At this year’s edition, over half of the galleries are from the global north (Europe, the UK, and the US), including spaces like New York’s James Cohan, which had an impressive display that paired two sculptures by Yinka Shonibare CBE with several wall works by Ethiopian artist Elias Sime. (Jane Cohan told artnet News that the “exceptional” quality of discussions with curators and collectors is a major drawing point, not to mention the intimate scale of the Somerset House, which “leads to deeper connections in the artwork.”)
Just 18 galleries, or 38 percent, have bases in Africa. Six of these are South Africa-based dealers, with the rest amounting to a thin peppering of spaces from other nations including Egypt, Morocco, and Nigeria.
Towards New Modes of Representation
Nwagbogu points out that his concern over whether African art is represented by insiders or outsiders is not necessarily reducible to questions of race or national origin.
He brings up Viviane Sassen. The Dutch photographer spent her childhood in Kenya and has made renowned portraits of black subjects. “Being African is not about your race or color,” Nwagbogu says. “It is about your sensibility, your influences.”
In general though, Nwagbogu hopes that the scene will continue to move beyond what he describes as limiting “tropes” in contemporary African art. In particular, he notes the “explosion” of work focusing on the beautiful black body at art fairs.
“The history of art eliminated the black body and it almost feels like now there is a deliberate effort by black artists to say, ‘we exist, we are beautiful, we are here,'” he says. “But now you see a lot of it—maybe too much of it. By reclaiming the black body, which has been objectified for the longest time and excluded, you become that cliché. I am more interested in what happens beyond that.”
We stop in at Addis Fine Art. There, Nwagbogu expresses his excitement as he discovers Ethiopian painter Merikokeb Berhanu, whom he says fits into this idea of moving “beyond.” He points to her poetic balance between figuration and abstraction, and how natural and anatomical elements seem to flow into one another. For such stunning works, the prices seem more than fair, lingering just under €10,000.
At October gallery, Nwagbogu highlights the promising young Congolese painter Eddy Kamuanga Ilunga, whom he says is a prime example of the Kinshasa painting scene’s penchant for hyperrealism.
But he has a criticism, or at least a concern. “Again though, we are seeing blackness represented as an object,” he says as we cast our eyes over Ilunga’s subjects, which have cellphone chip patterns painted on their skin.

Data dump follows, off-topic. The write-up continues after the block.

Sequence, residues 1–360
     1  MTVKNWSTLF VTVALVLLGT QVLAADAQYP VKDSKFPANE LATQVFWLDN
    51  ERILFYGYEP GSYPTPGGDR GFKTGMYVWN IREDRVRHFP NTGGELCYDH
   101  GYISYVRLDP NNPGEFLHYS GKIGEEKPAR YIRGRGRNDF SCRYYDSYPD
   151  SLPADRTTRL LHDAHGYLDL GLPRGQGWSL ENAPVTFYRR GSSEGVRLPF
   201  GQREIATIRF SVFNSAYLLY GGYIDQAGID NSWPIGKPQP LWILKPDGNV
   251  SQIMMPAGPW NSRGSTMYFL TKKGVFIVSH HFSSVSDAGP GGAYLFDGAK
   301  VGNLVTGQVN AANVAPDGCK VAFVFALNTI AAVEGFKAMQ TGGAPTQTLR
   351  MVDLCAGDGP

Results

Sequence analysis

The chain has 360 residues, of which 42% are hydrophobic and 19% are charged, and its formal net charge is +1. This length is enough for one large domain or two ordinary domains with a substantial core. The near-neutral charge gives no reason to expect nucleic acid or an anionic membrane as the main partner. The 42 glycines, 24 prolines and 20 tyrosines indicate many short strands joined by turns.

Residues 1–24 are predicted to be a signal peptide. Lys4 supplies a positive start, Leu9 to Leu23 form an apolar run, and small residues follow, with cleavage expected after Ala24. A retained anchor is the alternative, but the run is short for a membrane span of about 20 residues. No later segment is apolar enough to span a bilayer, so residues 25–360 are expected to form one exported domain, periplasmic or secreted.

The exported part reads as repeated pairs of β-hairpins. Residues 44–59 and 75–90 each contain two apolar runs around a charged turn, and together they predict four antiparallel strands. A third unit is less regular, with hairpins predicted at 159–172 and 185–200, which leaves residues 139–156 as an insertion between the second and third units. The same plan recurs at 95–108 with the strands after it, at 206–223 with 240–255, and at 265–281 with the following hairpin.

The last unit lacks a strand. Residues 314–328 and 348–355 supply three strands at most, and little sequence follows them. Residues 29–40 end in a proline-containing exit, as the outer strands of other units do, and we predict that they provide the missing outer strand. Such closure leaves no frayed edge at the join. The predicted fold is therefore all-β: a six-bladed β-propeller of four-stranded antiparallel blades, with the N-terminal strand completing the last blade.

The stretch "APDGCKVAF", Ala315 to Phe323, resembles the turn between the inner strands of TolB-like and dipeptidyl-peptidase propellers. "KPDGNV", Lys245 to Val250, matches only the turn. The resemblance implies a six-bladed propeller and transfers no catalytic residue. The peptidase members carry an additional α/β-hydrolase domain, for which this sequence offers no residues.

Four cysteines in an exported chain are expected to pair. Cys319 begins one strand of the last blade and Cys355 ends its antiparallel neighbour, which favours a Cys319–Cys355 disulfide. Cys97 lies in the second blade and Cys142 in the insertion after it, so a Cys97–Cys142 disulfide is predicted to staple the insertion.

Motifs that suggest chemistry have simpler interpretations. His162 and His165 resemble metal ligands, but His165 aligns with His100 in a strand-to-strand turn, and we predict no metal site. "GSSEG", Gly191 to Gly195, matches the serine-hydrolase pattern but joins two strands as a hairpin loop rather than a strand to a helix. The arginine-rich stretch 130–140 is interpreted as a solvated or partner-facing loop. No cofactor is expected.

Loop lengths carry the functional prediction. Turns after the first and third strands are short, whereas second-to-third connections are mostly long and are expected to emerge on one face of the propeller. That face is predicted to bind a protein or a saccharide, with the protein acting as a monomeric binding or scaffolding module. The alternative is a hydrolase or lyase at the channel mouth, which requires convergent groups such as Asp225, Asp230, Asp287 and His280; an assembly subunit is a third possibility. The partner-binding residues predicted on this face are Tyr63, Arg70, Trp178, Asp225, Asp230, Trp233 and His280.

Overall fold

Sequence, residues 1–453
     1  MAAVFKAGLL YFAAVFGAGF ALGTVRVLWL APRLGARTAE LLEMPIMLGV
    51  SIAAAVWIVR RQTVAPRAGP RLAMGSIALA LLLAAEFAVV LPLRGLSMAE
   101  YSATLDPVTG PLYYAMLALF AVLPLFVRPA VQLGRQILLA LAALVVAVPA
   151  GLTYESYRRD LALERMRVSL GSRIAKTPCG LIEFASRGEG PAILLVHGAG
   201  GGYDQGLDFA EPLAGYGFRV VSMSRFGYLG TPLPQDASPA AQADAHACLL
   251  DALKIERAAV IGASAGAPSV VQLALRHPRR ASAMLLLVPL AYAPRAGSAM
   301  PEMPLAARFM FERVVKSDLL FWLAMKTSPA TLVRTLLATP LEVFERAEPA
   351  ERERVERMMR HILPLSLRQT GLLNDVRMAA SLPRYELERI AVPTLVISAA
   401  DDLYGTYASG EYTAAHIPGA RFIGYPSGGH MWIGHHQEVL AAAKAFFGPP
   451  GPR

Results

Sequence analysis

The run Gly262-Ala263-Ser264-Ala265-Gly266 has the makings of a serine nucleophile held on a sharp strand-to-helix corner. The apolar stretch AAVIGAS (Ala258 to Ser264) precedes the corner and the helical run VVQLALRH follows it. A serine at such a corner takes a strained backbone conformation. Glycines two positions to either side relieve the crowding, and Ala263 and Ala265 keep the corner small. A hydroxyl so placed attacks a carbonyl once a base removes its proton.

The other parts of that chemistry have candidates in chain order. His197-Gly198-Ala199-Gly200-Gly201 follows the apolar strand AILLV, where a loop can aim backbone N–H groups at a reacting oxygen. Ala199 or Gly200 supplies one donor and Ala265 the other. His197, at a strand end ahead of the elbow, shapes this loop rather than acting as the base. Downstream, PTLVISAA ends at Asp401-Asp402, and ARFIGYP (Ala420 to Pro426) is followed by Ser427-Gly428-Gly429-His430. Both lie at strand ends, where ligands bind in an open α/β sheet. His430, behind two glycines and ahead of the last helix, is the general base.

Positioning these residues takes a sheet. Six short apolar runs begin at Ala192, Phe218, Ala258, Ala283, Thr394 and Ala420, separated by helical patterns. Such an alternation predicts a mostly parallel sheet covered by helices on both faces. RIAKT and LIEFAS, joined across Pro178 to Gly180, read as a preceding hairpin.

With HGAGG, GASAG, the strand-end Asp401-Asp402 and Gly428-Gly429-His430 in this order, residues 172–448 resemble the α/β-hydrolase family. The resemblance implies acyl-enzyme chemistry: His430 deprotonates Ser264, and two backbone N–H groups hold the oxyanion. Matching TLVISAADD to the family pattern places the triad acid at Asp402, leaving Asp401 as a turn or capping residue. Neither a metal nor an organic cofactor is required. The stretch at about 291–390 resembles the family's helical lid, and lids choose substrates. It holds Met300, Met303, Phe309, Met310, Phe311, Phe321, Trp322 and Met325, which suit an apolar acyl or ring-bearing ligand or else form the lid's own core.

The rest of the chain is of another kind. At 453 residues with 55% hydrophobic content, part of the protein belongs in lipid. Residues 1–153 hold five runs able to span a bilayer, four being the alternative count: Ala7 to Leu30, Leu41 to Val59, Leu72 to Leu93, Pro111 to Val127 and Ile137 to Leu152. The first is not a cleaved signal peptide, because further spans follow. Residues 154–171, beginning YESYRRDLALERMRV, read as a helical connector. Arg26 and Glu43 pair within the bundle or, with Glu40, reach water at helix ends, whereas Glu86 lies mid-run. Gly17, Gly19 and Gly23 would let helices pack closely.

One example of an artist Nwabogu thinks usefully complicates some of the “tropes” is Johannesburg artist Mary Sibande. The fast-rising star in conceptual photography and sculpture has an incredible work on view at South Africa’s SMAC Gallery, part performance, part sculptural installation, part photo.
The image eludes easy reading—which is exactly what Nwagbogu finds important about it.
It shows Sibande crouched below a window wearing a traditional dress of a domestic worker, a persona she continually represents in her artwork, called “Sophie.” Her face is obscured by alien-like fabric tentacles. Behind her, she is again depicted in a stained glassed window. (Called Turn, turn, turn, turn (2019), the work sold for between £8,000 and £12,000 by the end of preview day on Wednesday.)
“Everyone knew a Sophie,” a representative from SMAC explains. “Sophie is an avatar that embodies the mothers and grandmothers who were domestic workers for white families during Apartheid.” However, when the artist started to find that Sophie’s popularity in the art world signified that she was becoming “an appeaser of guilt,” the artist changed course. She tried to complicate the narrative.
Just around the corner from their SMAC’s presentation at Somerset House is a multi-room exhibition by Sibande, presented in partnership with the fair as part of the venue’s Charles Russell Speechlys Terrace Rooms Series (it is on view until January 5, 2020).
Titled “I Came Apart at the Seams,” the exhibition is filled with new, progressive versions of Sophie. The largest work, on loan from the MAC/VAL museum outside of Paris, is a sculpture of Sophie that is scaled to Sibande’s body. Sophie seems to be dancing as masses of purple tentacles emanate out of her and creep up the wall. It is a must-see.
“Mary has developed a fascinating way of embracing material culture to create empowered identity that is not about the presentation of an image but about the creation of a voice,” says Nwagbogu. “OK, so we are here, we exist, we know that now—but what are we doing with that agency, what are we saying with our presence? This is the question we should be concerning ourselves with.”